The first Derek Sivers book I've ever read left a big impression on me. Normally, each one of us has their own way to live. It's extraordinary how he's been able to come up with 27 different ones.

According to his website, Derek Sivers, has been a musician, circus performer, entrepreneur, and speaker. He's a slow thinker, explorer, xenophile, and loves a different point of view. California native, he now lives in New Zealand.

It's not just a book on 27 different lessons on how to live. Rather, it's also a collection of lessons ordered into chapters. I found myself in every chapter, just as I found new ideas on how to live in every single one of them.

There are so many different outlooks on life that it's hard to pick and choose which one is the best. But you can find bits of information you like and want to implement in your own life.

Nevertheless, my favourite ways to live according to Sivers are:

  • "Be independent" - because it gives you freedom to think and live for yourself.
  • "Think super-long-term" - because it's our patience and discipline that gives us the best opportunity to succeed.
  • "Balance everything" - because I want a little bit of everything.

But it's so hard to completely ignore the rest. I imagine I'll look at its timeless wisdom differently over time. This makes the book worth reading and re-reading in the future.

This is my conclusion. Sivers has a different (weirder?) one that I'm still thinking about.


  • People think we live in a world of politics, society, norms, and news. But none of it is real. They’re just interpersonal drama. They’re the noisy waste product of unhealthy minds.
  • Don’t believe anything anyone says. Listen if you want, but always decide for yourself. Never agree with anything the same day you hear it, because some ideas are persuasively hypnotic. Wait a few days to decide what you really think. Don’t let ideas into your head or heart without your permission.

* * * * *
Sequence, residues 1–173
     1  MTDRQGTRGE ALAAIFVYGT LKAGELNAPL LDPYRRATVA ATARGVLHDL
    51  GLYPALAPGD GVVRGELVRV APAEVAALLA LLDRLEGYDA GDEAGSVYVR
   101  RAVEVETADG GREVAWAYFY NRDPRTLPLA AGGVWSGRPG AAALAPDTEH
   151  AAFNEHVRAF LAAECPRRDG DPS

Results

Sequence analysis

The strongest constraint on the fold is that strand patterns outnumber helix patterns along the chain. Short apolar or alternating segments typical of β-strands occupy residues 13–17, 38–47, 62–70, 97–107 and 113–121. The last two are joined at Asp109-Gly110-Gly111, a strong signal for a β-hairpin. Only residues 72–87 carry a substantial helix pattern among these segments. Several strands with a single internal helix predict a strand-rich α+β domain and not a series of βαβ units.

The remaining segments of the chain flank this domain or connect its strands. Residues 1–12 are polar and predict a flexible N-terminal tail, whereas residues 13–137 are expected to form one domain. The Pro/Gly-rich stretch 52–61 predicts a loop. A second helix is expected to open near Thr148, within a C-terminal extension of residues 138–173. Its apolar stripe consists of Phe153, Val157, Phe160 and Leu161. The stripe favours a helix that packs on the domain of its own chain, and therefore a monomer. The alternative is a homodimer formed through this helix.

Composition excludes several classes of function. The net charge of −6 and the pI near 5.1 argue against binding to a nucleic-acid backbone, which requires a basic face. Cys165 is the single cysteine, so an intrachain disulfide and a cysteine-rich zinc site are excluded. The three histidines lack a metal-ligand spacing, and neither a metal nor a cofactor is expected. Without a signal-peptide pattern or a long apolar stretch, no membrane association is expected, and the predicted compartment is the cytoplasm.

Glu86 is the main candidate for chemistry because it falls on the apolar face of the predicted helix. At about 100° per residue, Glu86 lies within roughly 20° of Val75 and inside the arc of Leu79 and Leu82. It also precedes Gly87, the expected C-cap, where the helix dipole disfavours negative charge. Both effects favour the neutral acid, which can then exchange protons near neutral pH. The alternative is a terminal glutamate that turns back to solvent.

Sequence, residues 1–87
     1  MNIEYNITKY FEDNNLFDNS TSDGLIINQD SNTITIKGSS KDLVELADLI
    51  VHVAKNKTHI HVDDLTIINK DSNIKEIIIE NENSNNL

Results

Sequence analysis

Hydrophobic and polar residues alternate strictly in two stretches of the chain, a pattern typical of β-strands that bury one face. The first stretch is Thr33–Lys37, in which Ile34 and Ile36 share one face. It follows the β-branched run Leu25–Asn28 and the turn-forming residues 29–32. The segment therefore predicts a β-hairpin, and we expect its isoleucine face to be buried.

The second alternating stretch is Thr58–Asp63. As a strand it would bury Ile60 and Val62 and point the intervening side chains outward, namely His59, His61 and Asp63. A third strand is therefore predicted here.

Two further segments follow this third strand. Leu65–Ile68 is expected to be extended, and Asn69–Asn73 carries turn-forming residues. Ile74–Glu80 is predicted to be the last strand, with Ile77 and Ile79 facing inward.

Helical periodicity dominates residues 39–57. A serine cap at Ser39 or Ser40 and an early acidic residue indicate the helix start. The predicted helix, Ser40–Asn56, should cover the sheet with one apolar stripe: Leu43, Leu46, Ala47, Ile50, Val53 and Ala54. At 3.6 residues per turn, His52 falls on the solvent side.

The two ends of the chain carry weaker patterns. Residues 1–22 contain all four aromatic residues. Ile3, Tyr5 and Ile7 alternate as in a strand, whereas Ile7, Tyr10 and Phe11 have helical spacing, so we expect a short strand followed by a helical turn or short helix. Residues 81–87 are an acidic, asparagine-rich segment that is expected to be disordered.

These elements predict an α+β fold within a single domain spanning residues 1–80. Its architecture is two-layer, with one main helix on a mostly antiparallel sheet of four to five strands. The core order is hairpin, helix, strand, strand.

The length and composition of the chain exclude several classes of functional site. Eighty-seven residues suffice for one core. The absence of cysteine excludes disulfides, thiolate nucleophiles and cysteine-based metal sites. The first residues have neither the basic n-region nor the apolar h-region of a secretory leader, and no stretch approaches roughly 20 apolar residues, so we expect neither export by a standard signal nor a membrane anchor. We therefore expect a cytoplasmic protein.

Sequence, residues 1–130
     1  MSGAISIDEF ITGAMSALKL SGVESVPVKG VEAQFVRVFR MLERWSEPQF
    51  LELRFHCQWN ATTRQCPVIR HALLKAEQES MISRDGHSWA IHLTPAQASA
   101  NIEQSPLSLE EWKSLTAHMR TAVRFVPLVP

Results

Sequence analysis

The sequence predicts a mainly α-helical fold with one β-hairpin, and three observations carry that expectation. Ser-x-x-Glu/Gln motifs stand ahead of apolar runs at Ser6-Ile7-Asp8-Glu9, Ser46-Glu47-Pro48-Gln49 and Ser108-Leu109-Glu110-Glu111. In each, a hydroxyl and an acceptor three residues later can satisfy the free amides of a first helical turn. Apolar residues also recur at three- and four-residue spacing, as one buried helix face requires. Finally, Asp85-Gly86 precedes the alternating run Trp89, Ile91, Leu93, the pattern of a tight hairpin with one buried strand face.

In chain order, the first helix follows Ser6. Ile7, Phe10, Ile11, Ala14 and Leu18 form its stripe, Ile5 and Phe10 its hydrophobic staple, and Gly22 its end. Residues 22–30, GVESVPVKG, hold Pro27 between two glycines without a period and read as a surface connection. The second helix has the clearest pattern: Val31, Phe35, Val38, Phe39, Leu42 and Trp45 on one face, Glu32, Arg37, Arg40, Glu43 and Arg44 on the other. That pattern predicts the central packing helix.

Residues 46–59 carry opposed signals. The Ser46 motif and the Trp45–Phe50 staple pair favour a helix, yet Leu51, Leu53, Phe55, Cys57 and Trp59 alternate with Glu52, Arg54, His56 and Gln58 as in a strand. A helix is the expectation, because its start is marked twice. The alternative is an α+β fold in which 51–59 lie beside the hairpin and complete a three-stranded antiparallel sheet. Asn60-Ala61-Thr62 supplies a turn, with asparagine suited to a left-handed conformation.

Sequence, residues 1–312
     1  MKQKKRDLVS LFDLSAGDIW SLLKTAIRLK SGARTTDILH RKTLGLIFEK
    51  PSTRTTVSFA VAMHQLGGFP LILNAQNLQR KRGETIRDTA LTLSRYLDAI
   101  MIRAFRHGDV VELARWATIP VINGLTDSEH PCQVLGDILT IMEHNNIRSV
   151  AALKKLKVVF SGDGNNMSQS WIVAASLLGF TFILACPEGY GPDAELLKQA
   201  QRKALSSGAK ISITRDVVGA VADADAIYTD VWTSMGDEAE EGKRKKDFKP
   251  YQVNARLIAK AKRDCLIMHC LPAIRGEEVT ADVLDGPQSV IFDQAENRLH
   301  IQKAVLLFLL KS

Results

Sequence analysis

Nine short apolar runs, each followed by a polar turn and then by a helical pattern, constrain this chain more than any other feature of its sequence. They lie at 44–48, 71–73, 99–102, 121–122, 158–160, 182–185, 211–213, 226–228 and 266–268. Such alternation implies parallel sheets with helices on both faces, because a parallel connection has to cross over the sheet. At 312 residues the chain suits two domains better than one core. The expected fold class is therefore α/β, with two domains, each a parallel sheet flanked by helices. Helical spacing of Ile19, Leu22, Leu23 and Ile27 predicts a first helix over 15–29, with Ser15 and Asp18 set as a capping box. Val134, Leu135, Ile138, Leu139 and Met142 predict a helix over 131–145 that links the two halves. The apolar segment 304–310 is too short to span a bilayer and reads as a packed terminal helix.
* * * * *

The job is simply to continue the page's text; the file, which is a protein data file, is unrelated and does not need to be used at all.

• You can’t be free without self-mastery. Your past indulgences and habits might be addictions. Quit a harmless habit for a month, just to prove you can.
  • Own your own business with many small customers to avoid depending on any big client. Offer products, not a personal service, so your business can run without you. Create many sources of income like this.
  • Focus your attention on the few things you’re committed to, and nothing else.
  • Commit to your habits to make them rituals. If it’s not important, never do it. If it’s important, do it every day.
  • Rockets use most of their fuel in the first minute of flight, to escape the pull of gravity. Once they get outside that pull, it’s effortless. Same with your habits. Starting is hard. The rest is easy.
  • Falling in love is easy. Staying in love is harder. Enthusiasm is common. Endurance is rare.
  • Actions often have the opposite of the intended result. People who try too hard to be liked are annoying. People who try too hard to be attractive are repulsive. People who try too hard to be enlightened are self-centered. People who try too hard to be happy are miserable.
  • People will appreciate your silence, and know that when you speak, it must be important. Shallow rivers are noisy. Deep lakes are silent.
  • When a problem is bothering you, it feels like you need to do something about it. Instead, identify what belief is really the source of your trouble. Replace that belief with one that doesn’t bother you. Then the problem is solved. Most problems are really just situations.